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tion, all Christians (I should hope) are readily agreed; but how the death of Christ operates to that end, bas been a matter of great variety of opinion. The doctrine of imputation, properly so called, is clearly unscriptural, and that of satisfaction not much better founded. The best solution of the difficulty I ever met with, is Dr. Balguy's, in his Essay on Redemption. It is perfectly scriptural, and very rational. But even this hypothesis hath its difficulties; and perhaps it is a subject which, after all, can never be entirely freed from them. The author just mentioned supposes, that the redemption of the hunian race was conferred upon Christ in the way of reward for his perfect moral obedience even unto death. But how was there any merit in such obedience, unless it be admitted, with the Socinians, that Christ was peccable? If his moral perfection (with reverence be it spoken) was wrought in him er necessitate by the incomprehensible union of the divine Logos with the human nature, I canpot see (strictly speaking) that there is any more merit in it, properly so called -any rçal foundation, i. e. for reward, than there is in the new man generated, according to the doctrine of Calvin, by irresistible grace. In the hope that some one of your able correspondents will vindicate a solution which I would not willingly renounce,
I remain, Sir,
Vol. X. Churchm. Mag. March 1806.
ON JEPHTHAH's VOW.
TO THE EDITOR OF THE ORTHODOX CHURCHMAN's
AM much eoncerned to find that your valuable cor
respondent Mr. Pearson, should still persist in maintaining that Jephthah's daughter was put to death in compliance with the rash vow of her father, contrary (as I conceive) to the true meaning of the text, and contrary to the opinion of the best and ablest divines on the subject, I had not seen his Annotations on Dr. Paley's Work, and therefore could not suppose that he was acquainted with Dr. Randolph's discourse on this subject; and um rather surprized that he should consider it as not satisfactory. I can only say, that it gave the highest satisfaction to the learned audience to whom it was delivered ; and when the discourse was printed, it met with approbation from every quarter. Every copy of it was eagerly purchased, and the sermon'was very soon out of print. I have already cited the opinion of Bishop Lowth and Dr. Parr in favour of it. Both these learned men consider it a happy discovery, and decisive of the point in dispute. I will now add the testimony of another eminent Hebrew critic to the same purpose. It is that of Dr. Kennicott in a posthumous work, entitled Remarks on Select Passages in the Old Testament, 8vo. p. 100. “Whether Jephthah did, or did not sacrifice his daughter, has been of late the subject of much controversy. But the chief difficulty seems happily removed by the learned Dr. Randolph, who has shewn that the latter clause in this verse, does not necessarily refer to any thing, or any person to be offered up; but that it may be translated, and (or) I will offer up to him (to God) a burnt-offering. The pronoun thus suffixed, is often dative, just as in English, offer kim a present, do him honour. The vow therefore was, that if what came forth to meet him, was fit to be deyoted to the immediate service of God, it should be so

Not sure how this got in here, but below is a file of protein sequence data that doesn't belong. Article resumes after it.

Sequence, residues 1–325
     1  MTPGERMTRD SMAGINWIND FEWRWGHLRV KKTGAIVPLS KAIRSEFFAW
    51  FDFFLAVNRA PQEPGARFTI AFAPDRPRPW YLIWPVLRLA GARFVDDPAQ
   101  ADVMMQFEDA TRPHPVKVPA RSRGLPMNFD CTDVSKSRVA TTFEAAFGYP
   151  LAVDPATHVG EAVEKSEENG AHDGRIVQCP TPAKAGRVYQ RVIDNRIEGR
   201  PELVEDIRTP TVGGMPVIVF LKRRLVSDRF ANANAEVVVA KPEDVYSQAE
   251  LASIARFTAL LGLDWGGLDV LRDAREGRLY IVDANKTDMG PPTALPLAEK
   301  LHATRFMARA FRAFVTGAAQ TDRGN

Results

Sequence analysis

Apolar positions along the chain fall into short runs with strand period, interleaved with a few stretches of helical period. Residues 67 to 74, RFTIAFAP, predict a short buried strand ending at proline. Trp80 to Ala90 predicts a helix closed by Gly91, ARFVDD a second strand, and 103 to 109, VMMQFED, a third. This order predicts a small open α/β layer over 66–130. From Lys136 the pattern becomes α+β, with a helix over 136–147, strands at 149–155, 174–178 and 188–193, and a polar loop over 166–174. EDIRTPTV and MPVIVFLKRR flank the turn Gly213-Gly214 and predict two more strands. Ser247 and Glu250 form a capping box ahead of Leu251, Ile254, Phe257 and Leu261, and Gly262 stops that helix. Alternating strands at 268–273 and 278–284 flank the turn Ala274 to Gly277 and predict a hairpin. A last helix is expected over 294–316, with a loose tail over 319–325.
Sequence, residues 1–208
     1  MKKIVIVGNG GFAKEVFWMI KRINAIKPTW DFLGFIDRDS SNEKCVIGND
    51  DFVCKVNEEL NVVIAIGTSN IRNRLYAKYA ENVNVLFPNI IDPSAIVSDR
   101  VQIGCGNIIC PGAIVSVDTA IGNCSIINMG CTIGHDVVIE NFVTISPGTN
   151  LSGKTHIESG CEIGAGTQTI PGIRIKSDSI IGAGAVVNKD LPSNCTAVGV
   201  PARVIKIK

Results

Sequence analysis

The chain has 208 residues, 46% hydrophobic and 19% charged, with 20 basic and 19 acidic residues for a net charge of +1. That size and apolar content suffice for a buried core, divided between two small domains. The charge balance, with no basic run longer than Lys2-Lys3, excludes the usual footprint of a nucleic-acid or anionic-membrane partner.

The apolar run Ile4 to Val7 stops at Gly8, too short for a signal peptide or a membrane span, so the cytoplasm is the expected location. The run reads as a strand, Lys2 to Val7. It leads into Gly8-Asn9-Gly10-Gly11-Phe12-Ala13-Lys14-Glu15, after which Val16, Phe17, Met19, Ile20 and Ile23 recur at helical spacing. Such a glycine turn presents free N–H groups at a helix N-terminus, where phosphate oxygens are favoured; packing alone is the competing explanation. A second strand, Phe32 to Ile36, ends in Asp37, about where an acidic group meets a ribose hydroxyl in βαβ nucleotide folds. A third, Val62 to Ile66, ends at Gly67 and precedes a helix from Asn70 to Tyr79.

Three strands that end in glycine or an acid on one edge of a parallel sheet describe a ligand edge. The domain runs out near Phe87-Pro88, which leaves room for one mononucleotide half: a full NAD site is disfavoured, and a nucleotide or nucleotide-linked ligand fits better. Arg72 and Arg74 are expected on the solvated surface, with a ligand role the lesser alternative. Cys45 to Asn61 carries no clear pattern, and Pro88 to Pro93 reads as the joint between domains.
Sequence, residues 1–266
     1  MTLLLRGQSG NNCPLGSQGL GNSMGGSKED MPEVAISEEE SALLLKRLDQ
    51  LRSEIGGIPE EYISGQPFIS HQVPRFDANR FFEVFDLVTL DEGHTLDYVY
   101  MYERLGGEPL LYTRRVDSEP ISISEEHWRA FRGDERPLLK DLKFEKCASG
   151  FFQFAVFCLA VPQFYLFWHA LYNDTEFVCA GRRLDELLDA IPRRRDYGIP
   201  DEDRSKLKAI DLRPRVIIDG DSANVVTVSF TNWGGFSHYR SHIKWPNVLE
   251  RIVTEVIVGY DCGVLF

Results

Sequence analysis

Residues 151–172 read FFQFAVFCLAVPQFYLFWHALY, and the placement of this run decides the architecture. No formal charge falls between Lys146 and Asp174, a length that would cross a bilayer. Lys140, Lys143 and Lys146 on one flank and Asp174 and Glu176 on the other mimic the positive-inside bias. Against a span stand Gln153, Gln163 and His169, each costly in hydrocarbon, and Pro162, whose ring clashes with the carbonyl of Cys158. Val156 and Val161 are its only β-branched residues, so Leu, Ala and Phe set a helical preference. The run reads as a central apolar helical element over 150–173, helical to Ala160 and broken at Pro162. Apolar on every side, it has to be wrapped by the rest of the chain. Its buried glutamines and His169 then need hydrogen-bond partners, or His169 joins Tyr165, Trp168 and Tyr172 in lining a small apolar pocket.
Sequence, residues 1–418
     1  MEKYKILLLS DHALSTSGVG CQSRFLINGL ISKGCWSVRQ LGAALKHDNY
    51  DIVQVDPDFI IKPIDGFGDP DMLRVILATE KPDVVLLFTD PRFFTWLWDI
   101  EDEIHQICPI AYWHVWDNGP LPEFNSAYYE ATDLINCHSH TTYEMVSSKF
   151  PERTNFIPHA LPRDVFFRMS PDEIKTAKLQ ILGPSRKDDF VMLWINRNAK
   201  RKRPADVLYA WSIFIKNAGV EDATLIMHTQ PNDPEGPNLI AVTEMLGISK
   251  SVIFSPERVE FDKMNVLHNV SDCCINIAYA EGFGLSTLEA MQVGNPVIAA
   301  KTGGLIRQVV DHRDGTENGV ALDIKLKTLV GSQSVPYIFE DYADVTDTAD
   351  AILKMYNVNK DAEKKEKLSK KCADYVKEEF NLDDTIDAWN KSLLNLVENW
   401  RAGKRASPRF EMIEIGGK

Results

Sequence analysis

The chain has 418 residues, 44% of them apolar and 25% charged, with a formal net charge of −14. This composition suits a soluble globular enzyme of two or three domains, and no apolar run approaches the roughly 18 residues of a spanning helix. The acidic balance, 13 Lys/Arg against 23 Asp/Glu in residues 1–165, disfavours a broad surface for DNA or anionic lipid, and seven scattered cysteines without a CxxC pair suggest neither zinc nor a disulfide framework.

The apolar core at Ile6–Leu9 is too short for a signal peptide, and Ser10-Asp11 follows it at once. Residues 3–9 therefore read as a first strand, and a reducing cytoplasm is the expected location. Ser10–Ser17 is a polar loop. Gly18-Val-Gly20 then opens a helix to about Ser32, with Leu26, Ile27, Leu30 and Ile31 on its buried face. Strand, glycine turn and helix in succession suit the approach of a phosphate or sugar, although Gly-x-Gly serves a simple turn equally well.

if not, he would offer unto God a burnt-offering. The event corresponded. The daughter of Jephthah coming forth, voluntarily consented to withdraw from the world, and devote the remainder of her life towards assisting in such sacred matters as were in those days transacted near the ark of the Lord, and in the services of religion. See all that follows in verses 35-39 of this chapter of Judges, and Levit. xxvii. 2-4. See also the whole of Dr. Randolph's excellent Sermon on this subject, and Bp. Lowth's note on Isaiah, p. 199.”
It is observable also that many of the most able expositors of scripture had long before this adopted the same opinion, and used many of the same arguments, as Dr. Randolph has done, against the common interpretation of this passage, though they were unacquainted with the true meaning of the words. Sir. Thomas Brown in particular, in his Vulgar Errors, B. v. ch. 14. speaking of the picture of Jephihah sacrificing his daughter, has these words: “The hand of the painter confidently setteth forth the picture of Jephthah, in the posture of Abraham sacrificing his only daughter. Thus it is commonly received, and hath had the attest of many worthy writers. Notwithstanding, upon enquiry we find the matter doubtful, and many upon probable grounds have been of another opinion, conceiving in this oblation not a natural but a civil kind of death, and a separation only unto the Lord : for that he pursued not bis vow unto a literal oblation there need not argument, both from the text and reason." He then proceeds to make use of many of the same reasons and arguments, as have been since alledged by Dr. Randolph to the same purpose; and in conclusion, thus forcibly expresses himself. * There being two ways to dispose of her, either to separate her unto the Lord, or offer her up as a sacrifice; it is of no necessity the latter should be necessary; and surely less derogatory to the text and history of the people of God, must be the former.” Bishop Hall, likewise, in bis. Contemplations on the Old Testament, seems entirely to reject the notion of Jephthah's daughter being put to death, and 10 understand the passage according to the marginal readings; and therefore be considers the grief of Jephthah asarising from this circumstance, that he saw the hope of posterity extinguished in the virginity of his daughter. Dr. Waterland also adopts the same explanation in his Scripture